CES is the biggest consumer electronics show in the world with close to 200,000 participants visiting the entertainment capital of Las Vegas, where the event has been hosted for decades. According to reliable local sources (taxi drivers), the CES week is the busiest week all season in Las Vegas.
This year it took place January 7-10, and major companies like Samsung, Sony, Microsoft, Amazon, and Google used the show as a place to introduce their latest and greatest products. Most reports from the event have as well been about the news from the industry giants showcasing the latest within flying busses, self-driving cars, robotics and foldable screens.
I represented Lab08 at the event with a focus on the startup scene, as CES is also one of the world’s biggest tech startup events with more than 1200 tech startups from every corner of the globe participating. Below are the 3 most interesting things I brought with me home.
1. 5G as an enabler of IoT innovation
Before leaving for CES I, of course, knew about 5G – but more at a level, where I thought it was just a faster version of 4G. It is clear to me now how important an enabler 5G is for all sorts of startups and innovations – especially within IoT and mobility. So many innovations depend on reliable and fast internet. WiFi and 4G haven’t been a viable solution so far – just think about how often you can’t get online in crowded places such as conferences and concerts.
Lacking connectivity would be disastrous for self-driving cars as an obvious example. 5G is the infrastructure that enables any IoT innovator to bring better and more liable products to market, so as 5G is rolling out all over the world in the coming years we will no doubt see an accelerating pace of IoT startups in the market.
2. Face recognition and smart cities
I visited many startups with new ways of tracking faces and movements gathering a lot of data to be used for the purposes of security, mobility and marketing. It raises a lot of privacy issues, and not surprisingly it was Asian startups dominating these categories. It seems we are not far away from actual “smart cities” where you have a very detailed overview of what’s going on in the city at any point in time – primarily on an aggregated anonymous data level (according to themselves).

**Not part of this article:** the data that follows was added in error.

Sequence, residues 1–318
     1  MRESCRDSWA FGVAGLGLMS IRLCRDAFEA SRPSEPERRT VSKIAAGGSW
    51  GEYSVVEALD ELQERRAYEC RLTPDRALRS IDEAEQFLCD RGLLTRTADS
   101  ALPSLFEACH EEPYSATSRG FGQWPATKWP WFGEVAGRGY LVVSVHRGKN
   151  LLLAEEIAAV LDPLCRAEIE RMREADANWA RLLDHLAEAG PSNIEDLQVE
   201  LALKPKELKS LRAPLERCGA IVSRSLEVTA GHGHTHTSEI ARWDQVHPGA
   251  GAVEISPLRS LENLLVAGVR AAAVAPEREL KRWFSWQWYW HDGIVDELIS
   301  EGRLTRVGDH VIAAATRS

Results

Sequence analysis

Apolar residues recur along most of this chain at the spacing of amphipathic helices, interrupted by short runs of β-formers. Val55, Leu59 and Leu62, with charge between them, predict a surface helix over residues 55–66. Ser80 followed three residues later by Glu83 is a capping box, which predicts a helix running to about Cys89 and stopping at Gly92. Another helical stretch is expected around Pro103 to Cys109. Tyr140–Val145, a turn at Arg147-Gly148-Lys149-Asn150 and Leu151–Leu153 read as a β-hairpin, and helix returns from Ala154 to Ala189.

3. Health tracking
There were a staggering amount of startups and devices specialised in health tracking and improvement. No doubt that the tech invasion of the most private part of our lives is only accelerating. It seems the notion is that we shouldn’t make decisions about our health without having data to understand what is actually happening. I am a big fan of this trend, but not without being worried about data protection and privacy, which still seems to be lacking behind – especially in Asia and the US where most of these startups, I met at CES, were from.
The dark horse – The Smart Potato
It was a very convincing display by founder Nicholas Baldeck, who explained how his device turns any potato into the organic equivalent of Alexa and Google Home. His pitch to me was: Imagine if you could ask your potato anything you want. He has a point.
It was by far the biggest laugh at CES, but somehow among all the other more or less useful gadgets it didn’t seem too far out.
They currently have an active Indiegogo campaign, where you can also see a video demo of their Smart Potato invention: https://www.indiegogo.com/projects/the-world-s-first-smart-potato-smartpotato#/
When I got back from CES I discovered that his project and the booth at CES are an attempt to show how many ridiculous “inventions” that are out there, and he claims that his Smart Potato has a better chance of survival than 60 % of the startups present at CES. I tend to agree with him in this statement, but with more respect for the 60 % as they are all on a serious entrepreneurial path that might lead them to a better – and more scalable – idea as a direct consequence of what they are showcasing today.
My overall conclusion on CES and their startup scene is, that it seems like Asian startups are dominating the innovation categories of mobility, smart cities and health tracking. When it comes to sustainability and climate-friendly inventions it seems there is limited interest from the US and Asian startups, which gives startups in EU countries an opportunity to be at the forefront of this area of innovation.
For tech enthusiasts and entrepreneurs considering CES 2021 – I can definitely recommend it. It takes planning and network to get the most out of the event, but even as a “CES tourist” you will be inspired and meet great people around every corner. You are welcome to connect with me on https://www.linkedin.com/in/rasmusmn/ if you have questions about CES or the topics of this post in general.